And not helping was Kovalainnen who got overtaken so many times I lost count. He even got overtaken by Liuzzi at Parabolica. It looked like he was giving places for free all day. Seriously, McLaren cannot rely on just 1 driver to get the points next year.

Sutil was incredible, the Force India car is incredible able to keep pace with Raikonnen and sometimes kissing his ass. But that KERS was keeping him from swallowing Kimi up. Other than that, there was nothing much to shout about besides the fact that the 2 Toyotas were battling each other out like it was a do or die battle for the championship. Trulli made a mistake with Nakajima, lost position to Glovk and didn't want to back off. He slid off the track trying to overtake Glock on the outside of Lesmo. Crazy.

Now looking forward to Singapore. Wished that I could go there.

Results
01 R. Barrichello Brawn GP 1:16.21.706
02 J. Button Brawn GP + 2.866
03 K. Räikkönen Ferrari + 30.664
04 A. Sutil Force India F1 + 31.131
05 F. Alonso Renault + 59.182
06 H. Kovalainen McLaren + 1:00.693
07 N. Heidfeld BMW + 1:02.412
08 S. Vettel Red Bull + 1:05.407
09 G. Fisichella Ferrari + 1:06.856
10 K. Nakajima Williams + 2:42.163
11 T. Glock Toyota + 2:43.925
12 L. Hamilton McLaren + 1 lap(s)
13 S. Buemi Scuderia Toro Rosso + 1 lap(s)
14 J. Trulli Toyota + 1 lap(s)
15 R. Grosjean Renault + 1 lap(s)
16 N. Rosberg Williams + 2 lap(s)
Did not finish
17 V. Liuzzi Force India F1 + 31 lap(s)
18 J. Alguersuari Scuderia Toro Rosso + 34 lap(s)
19 R. Kubica BMW + 38 lap(s)
20 M. Webber Red Bull + 53 lap(s)

Saturday, September 12, 2009

ITALIAN GP 2009 QUALIFYING


That was one of the tightest qualifying ever. It was bright and sunny in Monza, a perfect day for getting the tyres up to temperature and pushing the car through Parabolica. McLaren did an excellent strategy and both cars got into the groove pretty easily and quickly in every session. Q3 was the most interesting as Lewis did a fast 2 lap run on the soft tyres to make sure he stayed near the top and then with a few minutes remaining changed to the harder tyres for the banzai lap that got him the pole from Sutil. He was surprised though at his pace.

And talking about Sutil, what a performance. He was on fire the whole day and would have gotten pole if not for a small mistake in the last lap. In fact, the situation tells us a few facts about the current balance of power. It seems that Force Indis has found the sweet spot on their car since Spa. It has performed incredibly fast and well balanced. Not only was Sutil fast without KERS (a he managed to stay about 2 tenths apart from Lewis) but Liuzzi without testing could bring the car home in 7th.

Both force India cars are in the top 10 and that is great. It shakes up the grid and will give the front runners a fight. I can't wait to watch the race. I wonder if Fisichella is having nightmares now? He must be kicking himself in the ass for leaving Force India when they have a solid car that can compete with the likes of McLaren, Ferrari, Brawn or Red Bull. Imagine being beaten tomorrow by Sutil or not even scoring points while Sutil or even Liuzzi does.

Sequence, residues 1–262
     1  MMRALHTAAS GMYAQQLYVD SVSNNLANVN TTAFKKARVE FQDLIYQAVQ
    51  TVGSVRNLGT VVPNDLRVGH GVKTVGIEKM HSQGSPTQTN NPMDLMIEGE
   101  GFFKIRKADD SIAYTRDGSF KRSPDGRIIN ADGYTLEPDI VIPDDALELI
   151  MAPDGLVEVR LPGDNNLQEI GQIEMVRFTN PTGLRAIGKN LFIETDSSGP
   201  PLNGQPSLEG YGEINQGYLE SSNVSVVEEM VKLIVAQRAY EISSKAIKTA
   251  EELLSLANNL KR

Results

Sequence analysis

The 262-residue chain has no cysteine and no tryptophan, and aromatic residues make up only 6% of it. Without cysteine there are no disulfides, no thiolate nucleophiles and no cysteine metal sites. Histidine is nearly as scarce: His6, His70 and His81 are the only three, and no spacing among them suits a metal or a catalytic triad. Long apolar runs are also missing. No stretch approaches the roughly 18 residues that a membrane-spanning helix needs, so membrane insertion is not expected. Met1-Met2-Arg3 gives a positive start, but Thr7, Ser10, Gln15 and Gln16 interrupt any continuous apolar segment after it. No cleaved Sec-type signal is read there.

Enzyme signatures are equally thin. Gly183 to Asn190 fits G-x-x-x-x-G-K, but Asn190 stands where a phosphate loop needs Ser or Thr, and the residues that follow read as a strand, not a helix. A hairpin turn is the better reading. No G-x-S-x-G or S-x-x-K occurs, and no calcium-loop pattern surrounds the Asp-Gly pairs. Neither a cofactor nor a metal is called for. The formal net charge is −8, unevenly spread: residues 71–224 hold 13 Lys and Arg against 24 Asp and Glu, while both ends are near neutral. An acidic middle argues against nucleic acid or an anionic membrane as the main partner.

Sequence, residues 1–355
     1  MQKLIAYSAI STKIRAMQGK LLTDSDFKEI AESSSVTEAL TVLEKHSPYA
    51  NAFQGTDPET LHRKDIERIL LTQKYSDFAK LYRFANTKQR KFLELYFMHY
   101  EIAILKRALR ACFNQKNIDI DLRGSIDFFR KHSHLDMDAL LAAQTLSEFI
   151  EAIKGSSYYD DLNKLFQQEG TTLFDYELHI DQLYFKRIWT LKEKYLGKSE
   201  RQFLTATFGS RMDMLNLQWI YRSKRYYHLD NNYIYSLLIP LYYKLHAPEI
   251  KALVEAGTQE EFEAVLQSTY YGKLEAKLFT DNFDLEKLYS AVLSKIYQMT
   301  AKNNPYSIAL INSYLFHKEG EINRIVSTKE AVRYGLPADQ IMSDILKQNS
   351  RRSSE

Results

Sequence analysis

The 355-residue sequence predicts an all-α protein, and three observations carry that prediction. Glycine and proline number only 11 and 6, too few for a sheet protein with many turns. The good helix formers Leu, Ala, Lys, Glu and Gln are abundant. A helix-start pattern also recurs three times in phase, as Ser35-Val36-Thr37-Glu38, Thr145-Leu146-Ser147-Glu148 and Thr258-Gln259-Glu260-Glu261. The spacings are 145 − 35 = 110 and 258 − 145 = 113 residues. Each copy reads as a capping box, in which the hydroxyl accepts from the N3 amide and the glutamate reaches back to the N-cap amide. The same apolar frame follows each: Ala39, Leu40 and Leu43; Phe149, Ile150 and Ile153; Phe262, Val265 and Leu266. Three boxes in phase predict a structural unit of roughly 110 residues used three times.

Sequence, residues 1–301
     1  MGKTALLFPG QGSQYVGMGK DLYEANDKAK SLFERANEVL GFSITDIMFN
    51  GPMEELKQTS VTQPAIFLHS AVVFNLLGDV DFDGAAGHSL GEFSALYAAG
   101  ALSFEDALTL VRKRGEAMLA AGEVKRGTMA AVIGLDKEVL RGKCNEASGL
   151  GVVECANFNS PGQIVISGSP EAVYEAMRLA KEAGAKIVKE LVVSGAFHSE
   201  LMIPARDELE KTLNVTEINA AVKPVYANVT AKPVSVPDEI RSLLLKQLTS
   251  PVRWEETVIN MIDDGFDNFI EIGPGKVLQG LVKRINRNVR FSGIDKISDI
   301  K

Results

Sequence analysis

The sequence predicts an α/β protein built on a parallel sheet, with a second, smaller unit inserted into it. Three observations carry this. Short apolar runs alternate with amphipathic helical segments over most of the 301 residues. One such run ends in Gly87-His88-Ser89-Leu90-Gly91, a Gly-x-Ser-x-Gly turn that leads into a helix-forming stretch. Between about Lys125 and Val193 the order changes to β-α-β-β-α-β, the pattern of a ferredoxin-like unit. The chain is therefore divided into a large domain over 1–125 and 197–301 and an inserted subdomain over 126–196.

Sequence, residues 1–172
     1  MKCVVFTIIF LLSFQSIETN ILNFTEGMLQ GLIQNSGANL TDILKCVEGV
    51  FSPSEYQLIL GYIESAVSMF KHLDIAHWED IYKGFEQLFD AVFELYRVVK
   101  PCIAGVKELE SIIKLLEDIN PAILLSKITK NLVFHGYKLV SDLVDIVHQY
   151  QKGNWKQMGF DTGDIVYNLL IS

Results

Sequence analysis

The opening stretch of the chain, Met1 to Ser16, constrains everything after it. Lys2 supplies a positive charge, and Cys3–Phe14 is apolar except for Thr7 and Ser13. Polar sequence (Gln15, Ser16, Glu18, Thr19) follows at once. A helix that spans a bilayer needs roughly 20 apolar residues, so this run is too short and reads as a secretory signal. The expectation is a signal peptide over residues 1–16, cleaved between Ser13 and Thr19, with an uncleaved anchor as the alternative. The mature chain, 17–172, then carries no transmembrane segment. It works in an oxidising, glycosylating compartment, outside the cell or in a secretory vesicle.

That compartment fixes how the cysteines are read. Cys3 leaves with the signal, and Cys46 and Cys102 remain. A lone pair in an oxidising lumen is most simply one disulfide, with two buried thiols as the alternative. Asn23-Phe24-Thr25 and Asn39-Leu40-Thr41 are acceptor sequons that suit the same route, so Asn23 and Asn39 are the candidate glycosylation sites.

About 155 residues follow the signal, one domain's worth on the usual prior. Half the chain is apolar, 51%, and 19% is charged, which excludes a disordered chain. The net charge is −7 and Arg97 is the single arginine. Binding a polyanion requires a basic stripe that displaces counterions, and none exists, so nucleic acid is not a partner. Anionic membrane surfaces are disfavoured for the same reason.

Ferrari is there again hanging at Lewis' coatails. It seems that Kimi is always just behind Lewis. It will be interesting to see how the start pans out tomorrow with 3 KERS cars surrounding Sutil. I have a feeling he will get boxed in before the first turn.

Kovalainnen again is disappointing as he managed 4th in the same car as Lewis. Rosberg although languishing at the back somewhere must be grinning. with him in the other McLaren, not only will McLaren score more points as a team but Lewis will be pushed to achieve greater heights.

The Brawns are not a s strong as expected on a hot track today but they are just within reach so I'd not bet against them. Also Alonso as he has the KERS on his car this weekend. The Red Bulls were disappointing but it was expected as they have very little engines left and have to conserve them. a shame really as I wanted to see Vettel finish strongly this season. A stupid regulation scuppered his hopes and a fantastic battle ahead.

Surprising also was a double engine blow up for BMW. Both cars ended up in the midfield. And the worst of the pack was Williams with both cars at the back of the grid. Toyota also not looking good, doesn't bode well for their continued participation in F1.

All in all, an exciting qualifying because lewis was fighting a Force India for pole and pole was grabbed after the flag was thrown. The race is gonna be a cracker.

Times
01 L. Hamilton McLaren 1:24.066
02 A. Sutil Force India F1 1:24.261
03 K. Räikkönen Ferrari 1:24.523
04 H. Kovalainen McLaren 1:24.845
05 R. Barrichello Brawn GP 1:25.015
06 J. Button Brawn GP 1:25.030
07 V. Liuzzi Force India F1 1:25.043
08 F. Alonso Renault 1:25.072
09 S. Vettel Red Bull 1:25.180
10 M. Webber Red Bull 1:25.314
11 J. Trulli Toyota 1:23.611
12 R. Grosjean Renault 1:23.728
13 R. Kubica BMW 1:23.866
14 G. Fisichella Ferrari 1:23.901
15 N. Heidfeld BMW 1:24.275
16 T. Glock Toyota 1:24.036
17 K. Nakajima Williams 1:24.074
18 N. Rosberg Williams 1:24.121
19 S. Buemi Scuderia Toro Rosso 1:24.220
20 J. Alguersuari Scuderia Toro Rosso 1:24.951